Council Election October 2020
The results of the Boroondara Council election have now been finalised, with big gains for meaningful climate action.
Two of the three Councillors who supported a Boroondara Climate Emergency declaration stood for re-election (Jane Addis and Lisa Hollingsworth), and both were returned. They have now been joined by three new Councillors who scored very strongly on our climate questionnaire (Susan Biggar, Victor Franco and Wes Gault), plus another Councillor whose responses were more qualified but who also scored well (Di Gillies).
That means we now have six of eleven Councillors who favour effective climate action in Boroondara!
This is a great result, and we can claim a big part of the credit for making it happen! The many people who helped with our campaign should all feel very satisfied and proud. That includes more than 100 volunteers who delivered over 30,000 scorecards over two days.
A big Thank You to everyone who worked on this campaign!
The Kooyong Climate Change Alliance has developed climate scorecards for each Ward in Boroondara to help voters identify candidates committed to strong action on the climate and greater openness in Council processes. The Alliance is a non-partisan group of community organisations, including Lighter Footprints, ACF Boroondara, the Eastern Melbourne Climate Alliance and Stop Adani Kooyong.
Check out the Candidate Climate Scorecard for your Ward!
Click on the relevant link below to find the scorecard for your Ward and the full questionnaire response from candidates. If you don’t know which Ward you are in, click here to find out.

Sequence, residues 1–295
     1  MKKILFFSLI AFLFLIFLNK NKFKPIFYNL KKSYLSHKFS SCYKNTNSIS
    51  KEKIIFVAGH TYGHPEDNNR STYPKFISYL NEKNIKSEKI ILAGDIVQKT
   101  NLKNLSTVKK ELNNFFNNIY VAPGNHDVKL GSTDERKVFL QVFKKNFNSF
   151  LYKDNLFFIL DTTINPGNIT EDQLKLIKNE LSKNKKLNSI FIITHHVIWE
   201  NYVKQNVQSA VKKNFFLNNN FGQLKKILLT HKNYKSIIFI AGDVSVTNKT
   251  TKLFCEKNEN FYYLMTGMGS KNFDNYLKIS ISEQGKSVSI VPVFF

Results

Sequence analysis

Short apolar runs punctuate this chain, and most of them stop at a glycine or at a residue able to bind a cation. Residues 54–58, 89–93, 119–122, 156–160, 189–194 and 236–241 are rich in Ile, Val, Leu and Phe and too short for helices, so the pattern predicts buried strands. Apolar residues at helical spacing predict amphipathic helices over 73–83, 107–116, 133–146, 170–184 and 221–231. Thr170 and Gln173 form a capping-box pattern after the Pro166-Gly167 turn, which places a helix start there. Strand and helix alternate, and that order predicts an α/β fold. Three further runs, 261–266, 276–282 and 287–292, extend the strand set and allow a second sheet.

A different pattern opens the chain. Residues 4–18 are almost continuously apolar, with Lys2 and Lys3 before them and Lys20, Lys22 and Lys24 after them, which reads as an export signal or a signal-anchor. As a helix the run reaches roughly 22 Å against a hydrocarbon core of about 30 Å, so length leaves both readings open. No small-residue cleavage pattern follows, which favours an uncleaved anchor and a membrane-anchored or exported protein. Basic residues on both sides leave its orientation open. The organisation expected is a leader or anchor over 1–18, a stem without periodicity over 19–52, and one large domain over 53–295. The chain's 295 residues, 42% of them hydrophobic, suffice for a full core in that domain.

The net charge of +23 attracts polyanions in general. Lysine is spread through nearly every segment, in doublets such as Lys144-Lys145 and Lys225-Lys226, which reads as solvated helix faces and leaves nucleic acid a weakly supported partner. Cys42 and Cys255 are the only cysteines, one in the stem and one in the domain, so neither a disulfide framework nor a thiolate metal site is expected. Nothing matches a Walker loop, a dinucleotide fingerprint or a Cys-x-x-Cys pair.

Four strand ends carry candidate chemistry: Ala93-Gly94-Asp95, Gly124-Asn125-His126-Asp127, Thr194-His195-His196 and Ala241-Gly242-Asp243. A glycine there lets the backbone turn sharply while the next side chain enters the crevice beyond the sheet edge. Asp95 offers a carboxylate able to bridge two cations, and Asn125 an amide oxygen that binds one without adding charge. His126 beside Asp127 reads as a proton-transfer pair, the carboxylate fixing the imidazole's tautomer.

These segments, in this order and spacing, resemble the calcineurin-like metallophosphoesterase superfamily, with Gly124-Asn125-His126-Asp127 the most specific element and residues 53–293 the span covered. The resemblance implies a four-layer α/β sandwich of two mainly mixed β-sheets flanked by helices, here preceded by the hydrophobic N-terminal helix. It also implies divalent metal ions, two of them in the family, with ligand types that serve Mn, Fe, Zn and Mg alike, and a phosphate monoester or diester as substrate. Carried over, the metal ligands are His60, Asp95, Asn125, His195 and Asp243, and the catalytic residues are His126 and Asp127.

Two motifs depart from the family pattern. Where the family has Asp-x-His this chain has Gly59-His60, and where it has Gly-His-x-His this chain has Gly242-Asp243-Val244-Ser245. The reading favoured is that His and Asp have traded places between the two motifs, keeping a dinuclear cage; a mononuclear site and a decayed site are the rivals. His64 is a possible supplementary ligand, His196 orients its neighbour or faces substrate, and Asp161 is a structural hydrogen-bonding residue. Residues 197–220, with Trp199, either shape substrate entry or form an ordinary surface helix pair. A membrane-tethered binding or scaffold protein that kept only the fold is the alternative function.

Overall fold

The scorecards are based on a detailed candidate questionnaire, which you can find here. The questionnaire is mainly focused on climate action, but also covers candidates’ views on making Council processes more transparent and open to community input. Details of how the candidates’ responses were scored can be found here.
You can also click here to see many of the candidates speaking at the recent Lighter Footprints Election Forum, where they were asked to explain their views on climate action.
Why consider the climate in a Council election?
Extreme weather events are increasingly frequent and becoming more intense. The fires on the US west coast, on top of those in Australia last summer, are yet further confirmation of worsening climate conditions.
All levels of government have a responsibility to respond to the climate emergency. Many Councils have developed plans for strong climate action, including reducing net emissions from their own operations to zero and introducing incentives to reduce community emissions (e.g. through increasing the uptake of solar panels and electric vehicles). Councils must also play a key role in helping communities adapt and become more resilient in the face of the changing climate.
Boroondara Council has failed the climate test!
In May this year Cr Jane Addis moved a motion for the Council to declare a climate emergency. The motion was seconded by Cr Coral Ross and supported by Cr Lisa Hollingsworth, but rejected by the seven other Councillors. The Council’s 2020-21 Budget reflects this failure by most Councillors to recognise the seriousness of the climate challenge. We need new Councillors who will support a new Council plan that will deliver strong and effective action to reduce emissions in Boroondara and build community climate resilience.
Help elect Councillors who support strong climate action!
Here are the links to the scorecard for each Ward and the full questionnaire responses from candidates. If you don’t know which Ward you are in, click here to find out.